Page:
I grew up with rice. In our corner of the world, bread was not the carbohydrate of choice (although it is growing exponentially in popularity). We had rice for breakfast, rice for lunch and more rice for dinner… This means that we always have leftover rice, in one form or another.
In the morning, leftover rice would become garlic fried rice (Filipino-style). For lunch or dinner, we would have the Chinese-style fried rice.
When I was way younger, I would watch my mom make fried rice. (My dad would occasionally make sinangag, but for Chinese style fried rice, mommy was the cook.) I remember that the egg went in the pan last and it would make the rice look yellowish. But that meant there were little, if any at all, egg bits in the fried rice. (and I wanted lots of egg bits!)
Later on, I noticed that she would make scrambled eggs BEFORE the frying the rice and then add it last, stirring everything together and breaking up the already scrambled eggs. And that’s when I saw my preferred egg bits!
Another thing about fried rice, especially those in Chinese restaurants, there are usually vegetables such as diced carrots, corn, green peas, and even shredded lettuce, and definitely spring onions. In my version, I usually skip the veggies, except for the spring onions (and of course the standard garlic and onions). Almost always, though, there’s some form of meat – shrimp almost always, and pork or chicken, or the famous Chinese sausage!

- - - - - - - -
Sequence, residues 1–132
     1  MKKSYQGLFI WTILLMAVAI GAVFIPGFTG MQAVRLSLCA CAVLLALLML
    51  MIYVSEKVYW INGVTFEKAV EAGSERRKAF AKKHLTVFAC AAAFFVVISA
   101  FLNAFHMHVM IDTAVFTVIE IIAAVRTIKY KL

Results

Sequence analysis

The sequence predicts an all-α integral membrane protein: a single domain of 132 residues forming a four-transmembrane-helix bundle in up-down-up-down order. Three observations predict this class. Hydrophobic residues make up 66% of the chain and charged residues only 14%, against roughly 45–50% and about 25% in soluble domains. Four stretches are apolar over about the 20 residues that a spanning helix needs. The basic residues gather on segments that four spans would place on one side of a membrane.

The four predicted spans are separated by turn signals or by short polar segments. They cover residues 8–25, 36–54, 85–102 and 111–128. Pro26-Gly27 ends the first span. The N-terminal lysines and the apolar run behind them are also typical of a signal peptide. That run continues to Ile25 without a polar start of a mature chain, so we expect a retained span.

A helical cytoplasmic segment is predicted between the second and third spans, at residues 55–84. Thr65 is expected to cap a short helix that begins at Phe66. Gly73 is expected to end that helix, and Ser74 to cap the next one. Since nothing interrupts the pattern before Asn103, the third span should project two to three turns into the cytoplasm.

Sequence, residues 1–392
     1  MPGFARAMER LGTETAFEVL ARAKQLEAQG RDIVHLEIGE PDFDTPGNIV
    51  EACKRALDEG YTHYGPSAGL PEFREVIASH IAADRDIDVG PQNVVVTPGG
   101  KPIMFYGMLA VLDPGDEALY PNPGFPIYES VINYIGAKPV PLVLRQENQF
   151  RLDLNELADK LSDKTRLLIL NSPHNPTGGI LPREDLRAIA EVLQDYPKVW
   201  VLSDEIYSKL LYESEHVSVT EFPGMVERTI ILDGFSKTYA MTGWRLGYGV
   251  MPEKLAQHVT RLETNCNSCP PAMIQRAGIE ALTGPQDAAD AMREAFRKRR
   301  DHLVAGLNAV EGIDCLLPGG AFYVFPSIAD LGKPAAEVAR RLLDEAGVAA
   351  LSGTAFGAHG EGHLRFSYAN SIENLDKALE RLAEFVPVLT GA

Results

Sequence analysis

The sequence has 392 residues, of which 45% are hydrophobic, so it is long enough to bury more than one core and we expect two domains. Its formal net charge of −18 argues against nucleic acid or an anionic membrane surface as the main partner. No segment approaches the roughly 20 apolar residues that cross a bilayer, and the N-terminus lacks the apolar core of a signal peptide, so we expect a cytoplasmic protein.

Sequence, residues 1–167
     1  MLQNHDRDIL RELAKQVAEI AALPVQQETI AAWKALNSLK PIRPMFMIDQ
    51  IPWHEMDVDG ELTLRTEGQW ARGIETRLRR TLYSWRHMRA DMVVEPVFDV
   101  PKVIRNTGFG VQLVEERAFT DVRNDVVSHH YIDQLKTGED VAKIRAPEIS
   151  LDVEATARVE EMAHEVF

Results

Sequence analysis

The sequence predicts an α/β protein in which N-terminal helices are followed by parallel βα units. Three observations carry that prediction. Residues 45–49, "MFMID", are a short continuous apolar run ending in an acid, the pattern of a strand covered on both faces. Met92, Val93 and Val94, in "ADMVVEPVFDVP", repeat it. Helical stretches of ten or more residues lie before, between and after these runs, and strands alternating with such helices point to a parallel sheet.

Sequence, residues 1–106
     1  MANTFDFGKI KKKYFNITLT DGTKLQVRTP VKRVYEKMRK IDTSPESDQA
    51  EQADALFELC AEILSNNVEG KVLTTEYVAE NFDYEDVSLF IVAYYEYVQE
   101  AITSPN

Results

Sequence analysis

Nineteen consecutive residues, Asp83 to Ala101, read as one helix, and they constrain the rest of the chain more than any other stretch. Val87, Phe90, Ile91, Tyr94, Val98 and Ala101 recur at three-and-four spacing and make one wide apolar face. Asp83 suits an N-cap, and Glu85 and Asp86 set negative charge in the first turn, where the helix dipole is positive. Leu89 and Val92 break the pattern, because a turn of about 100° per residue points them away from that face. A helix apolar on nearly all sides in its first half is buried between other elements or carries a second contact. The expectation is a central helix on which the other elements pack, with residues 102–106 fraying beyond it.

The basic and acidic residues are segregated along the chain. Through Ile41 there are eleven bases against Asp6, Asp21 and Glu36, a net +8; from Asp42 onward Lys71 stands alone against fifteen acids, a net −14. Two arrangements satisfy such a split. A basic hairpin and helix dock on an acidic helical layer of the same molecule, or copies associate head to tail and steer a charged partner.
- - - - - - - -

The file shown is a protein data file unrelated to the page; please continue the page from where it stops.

Also, I don’t really have a recipe for fried rice. It was one of those things that we learn “by feel”, and by estimation… trial and error, if you will.
Frist thing to do is get out a Chinese wok – it is the best to cook fried rice in! Heat it until smoking before adding some oil. Pour in 2 beaten eggs and stir to scramble, remove from the pan (it’s ok it it slightly undercooked).
Heat the pan again and add some oil. Saute minced garlic and onions, until they are soft and fragrant. Add the protein you prefer – my favorites are shrimp and Chinese sausage (diced, in chunks, or sliced, whichever you prefer) and stir around the pan for a minute or two. (if you like some vegetables, this is when you add them too – diced carrots, peas and shredded lettuce are most common.) Add day-old rice (2 or 3 cups worth?) and a light dash of light soy sauce (not too much because I find that the rice tends to get mushy, as well as get an unappetizing color). Stir-fry until done, season with salt as preferred. Add the scrambled eggs back in, stirring lightly to break up the curds.
Transfer to a serving platter, garnish with spring onions and serve!